i was just thinking that since there is a C minor triad (IIIh) listed as a CMG within the Ab lydian scale, that it may not be too much of a stretch to break out the C major triad from the Ab lydian augmented member scale...


It seems like you’re just doing spontaneously what I was suggesting doing formally, which is to add IIIh to the I PMG as a CMG (sic – once again, because there is no hint that George uses the term CMG for anything other than the LYDIAN 7-tone-order scale degrees V III II VII and sometimes I and VI that I am aware of).

I could then add the “majorb6b7â€
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Postby chespernevins » Mon Mar 24, 2008 10:00 am

chespernevins:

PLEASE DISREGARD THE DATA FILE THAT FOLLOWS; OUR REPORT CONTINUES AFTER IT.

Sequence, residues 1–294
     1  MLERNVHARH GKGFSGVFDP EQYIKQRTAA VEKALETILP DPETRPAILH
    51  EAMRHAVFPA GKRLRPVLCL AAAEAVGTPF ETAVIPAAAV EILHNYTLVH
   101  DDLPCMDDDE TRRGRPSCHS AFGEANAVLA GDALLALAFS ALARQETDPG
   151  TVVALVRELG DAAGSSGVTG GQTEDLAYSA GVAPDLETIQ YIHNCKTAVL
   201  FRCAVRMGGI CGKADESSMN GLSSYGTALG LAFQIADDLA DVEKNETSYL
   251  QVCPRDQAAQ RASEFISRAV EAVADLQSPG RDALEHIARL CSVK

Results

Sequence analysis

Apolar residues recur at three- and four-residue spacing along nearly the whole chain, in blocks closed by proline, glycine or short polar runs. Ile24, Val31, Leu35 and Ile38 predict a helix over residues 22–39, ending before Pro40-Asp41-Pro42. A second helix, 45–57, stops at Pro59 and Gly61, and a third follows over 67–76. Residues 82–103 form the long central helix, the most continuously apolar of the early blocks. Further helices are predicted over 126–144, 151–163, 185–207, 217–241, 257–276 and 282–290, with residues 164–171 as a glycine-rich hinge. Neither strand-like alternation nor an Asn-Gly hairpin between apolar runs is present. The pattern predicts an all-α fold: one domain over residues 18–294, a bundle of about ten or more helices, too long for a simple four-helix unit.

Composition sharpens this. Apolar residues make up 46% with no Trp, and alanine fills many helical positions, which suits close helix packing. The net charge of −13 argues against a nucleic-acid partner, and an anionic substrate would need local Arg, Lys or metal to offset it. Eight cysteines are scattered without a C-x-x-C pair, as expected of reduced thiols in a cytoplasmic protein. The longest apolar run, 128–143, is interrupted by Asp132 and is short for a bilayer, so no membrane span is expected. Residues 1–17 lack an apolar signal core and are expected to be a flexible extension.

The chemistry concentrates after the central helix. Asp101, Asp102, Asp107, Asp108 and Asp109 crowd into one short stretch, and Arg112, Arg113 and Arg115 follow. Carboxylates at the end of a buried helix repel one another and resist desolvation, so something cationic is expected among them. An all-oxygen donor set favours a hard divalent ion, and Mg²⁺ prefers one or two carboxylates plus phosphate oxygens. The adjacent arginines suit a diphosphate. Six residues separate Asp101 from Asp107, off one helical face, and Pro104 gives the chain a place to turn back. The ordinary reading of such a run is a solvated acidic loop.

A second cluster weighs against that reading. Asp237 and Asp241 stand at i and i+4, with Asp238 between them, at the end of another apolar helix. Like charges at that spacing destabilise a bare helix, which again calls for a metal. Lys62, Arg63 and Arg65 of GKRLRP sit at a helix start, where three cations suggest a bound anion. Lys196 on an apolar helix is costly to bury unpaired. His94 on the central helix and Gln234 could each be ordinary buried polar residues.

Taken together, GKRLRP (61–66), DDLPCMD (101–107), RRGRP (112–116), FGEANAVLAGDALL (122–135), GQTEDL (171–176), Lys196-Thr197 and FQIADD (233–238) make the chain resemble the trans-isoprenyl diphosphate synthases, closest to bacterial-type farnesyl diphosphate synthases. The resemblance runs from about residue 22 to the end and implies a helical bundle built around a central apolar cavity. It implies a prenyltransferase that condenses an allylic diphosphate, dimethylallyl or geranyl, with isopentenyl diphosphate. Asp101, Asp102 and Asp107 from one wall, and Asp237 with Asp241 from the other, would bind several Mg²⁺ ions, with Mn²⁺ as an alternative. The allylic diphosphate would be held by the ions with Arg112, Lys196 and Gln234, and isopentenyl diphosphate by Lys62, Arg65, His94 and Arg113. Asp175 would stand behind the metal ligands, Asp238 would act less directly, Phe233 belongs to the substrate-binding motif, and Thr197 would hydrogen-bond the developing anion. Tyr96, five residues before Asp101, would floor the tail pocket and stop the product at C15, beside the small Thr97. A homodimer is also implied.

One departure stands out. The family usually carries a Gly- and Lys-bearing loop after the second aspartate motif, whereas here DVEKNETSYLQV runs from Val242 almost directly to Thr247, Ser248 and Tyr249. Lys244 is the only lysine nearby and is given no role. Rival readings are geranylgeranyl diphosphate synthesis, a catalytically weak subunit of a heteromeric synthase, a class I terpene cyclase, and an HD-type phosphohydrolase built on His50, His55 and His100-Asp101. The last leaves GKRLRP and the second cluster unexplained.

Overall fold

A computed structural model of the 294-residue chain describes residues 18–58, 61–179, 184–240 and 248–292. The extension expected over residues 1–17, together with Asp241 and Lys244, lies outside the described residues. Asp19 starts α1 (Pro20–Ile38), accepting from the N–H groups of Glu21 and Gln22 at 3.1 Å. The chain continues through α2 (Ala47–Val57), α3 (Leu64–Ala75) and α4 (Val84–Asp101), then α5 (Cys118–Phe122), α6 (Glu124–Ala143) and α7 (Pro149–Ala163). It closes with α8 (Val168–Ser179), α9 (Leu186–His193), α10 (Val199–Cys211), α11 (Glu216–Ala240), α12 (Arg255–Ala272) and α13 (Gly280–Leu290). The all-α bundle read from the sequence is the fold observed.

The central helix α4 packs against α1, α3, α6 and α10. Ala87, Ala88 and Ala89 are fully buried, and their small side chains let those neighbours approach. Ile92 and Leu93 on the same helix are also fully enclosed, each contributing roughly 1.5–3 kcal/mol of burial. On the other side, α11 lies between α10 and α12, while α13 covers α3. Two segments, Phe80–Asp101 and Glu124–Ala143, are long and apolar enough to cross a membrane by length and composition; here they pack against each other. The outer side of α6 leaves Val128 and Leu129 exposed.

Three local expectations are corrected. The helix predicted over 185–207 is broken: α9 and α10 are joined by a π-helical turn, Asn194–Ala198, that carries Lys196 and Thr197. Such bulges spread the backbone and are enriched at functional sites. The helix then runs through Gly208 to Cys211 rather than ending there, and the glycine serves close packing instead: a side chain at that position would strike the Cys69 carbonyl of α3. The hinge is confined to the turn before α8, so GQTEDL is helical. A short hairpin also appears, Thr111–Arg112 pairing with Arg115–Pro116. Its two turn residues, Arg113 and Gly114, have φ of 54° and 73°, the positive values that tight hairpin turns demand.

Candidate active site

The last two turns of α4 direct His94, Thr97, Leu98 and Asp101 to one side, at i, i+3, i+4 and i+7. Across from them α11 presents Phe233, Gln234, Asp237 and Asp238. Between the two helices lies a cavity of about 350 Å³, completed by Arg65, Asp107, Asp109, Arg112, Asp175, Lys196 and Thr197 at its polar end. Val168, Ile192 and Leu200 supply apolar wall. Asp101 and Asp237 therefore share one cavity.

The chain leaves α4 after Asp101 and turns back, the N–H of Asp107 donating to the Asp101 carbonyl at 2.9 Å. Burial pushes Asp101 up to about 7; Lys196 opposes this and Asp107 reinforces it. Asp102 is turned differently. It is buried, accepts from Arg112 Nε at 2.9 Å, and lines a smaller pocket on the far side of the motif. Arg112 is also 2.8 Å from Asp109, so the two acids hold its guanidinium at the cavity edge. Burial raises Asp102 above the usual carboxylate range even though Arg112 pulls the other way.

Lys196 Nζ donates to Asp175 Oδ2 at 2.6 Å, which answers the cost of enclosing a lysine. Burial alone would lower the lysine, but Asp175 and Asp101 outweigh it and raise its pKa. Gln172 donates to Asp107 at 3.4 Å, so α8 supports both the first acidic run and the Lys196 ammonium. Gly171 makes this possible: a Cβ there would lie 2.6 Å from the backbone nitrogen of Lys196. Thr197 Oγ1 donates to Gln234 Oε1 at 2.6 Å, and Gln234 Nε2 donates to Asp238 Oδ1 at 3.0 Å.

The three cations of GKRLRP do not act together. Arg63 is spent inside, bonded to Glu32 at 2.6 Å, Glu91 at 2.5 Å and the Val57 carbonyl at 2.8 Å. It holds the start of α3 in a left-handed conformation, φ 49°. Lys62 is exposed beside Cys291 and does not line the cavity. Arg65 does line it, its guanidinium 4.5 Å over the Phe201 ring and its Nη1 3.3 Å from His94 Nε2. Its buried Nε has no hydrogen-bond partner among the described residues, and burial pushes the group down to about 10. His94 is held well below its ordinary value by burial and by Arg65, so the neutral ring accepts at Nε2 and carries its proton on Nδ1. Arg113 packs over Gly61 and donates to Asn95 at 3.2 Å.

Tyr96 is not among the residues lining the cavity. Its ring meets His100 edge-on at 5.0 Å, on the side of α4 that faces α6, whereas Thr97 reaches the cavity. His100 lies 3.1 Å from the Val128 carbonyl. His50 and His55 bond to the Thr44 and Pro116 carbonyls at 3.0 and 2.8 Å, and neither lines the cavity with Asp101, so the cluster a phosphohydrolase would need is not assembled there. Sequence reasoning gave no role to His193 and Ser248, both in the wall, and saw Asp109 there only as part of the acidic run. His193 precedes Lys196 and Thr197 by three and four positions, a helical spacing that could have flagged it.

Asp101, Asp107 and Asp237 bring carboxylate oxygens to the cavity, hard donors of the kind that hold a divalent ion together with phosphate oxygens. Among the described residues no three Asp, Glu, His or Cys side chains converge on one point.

"Unknown - Must the CMG have BOTH a I maj and VI min tonic station available for the CMG to resolve to? BUT in this case, there is both a I maj and VI min tonic station."

dogbite:

the I maj and VI min are "relative major and minor" from traditional music theory, so it seems to me that one implies the other; however, in the harmonic minor scale, the V chord doesn't have the accompanying relative minor, but does this have anything whatsoever to do with what you're talking about?


Db, you said:
...the V chord doesn't have the accompanying relative minor


I assume that was a typo and you meant the VI chord, right?

That's exactly what I meant. In our example of the Majorb6b7 scale, we don't have a relative minor chord either.

Notice that George says "the FOUR Horizontal scales of a LC Scale" on pp. 17-19, instead of "the EIGHT".

All of his horizontal scales can be resolved to I maj or VI minor. I don't know if that is a requirement of a CMG or just a result of the 7 tone order scale being symmetrical enough to have it coincidentally turn out that way.
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Postby dogbite » Fri Mar 28, 2008 10:34 pm

Hi Chesper, we’re back from vacation and I just looked at your response to my last comment in our dialogue re: HTG…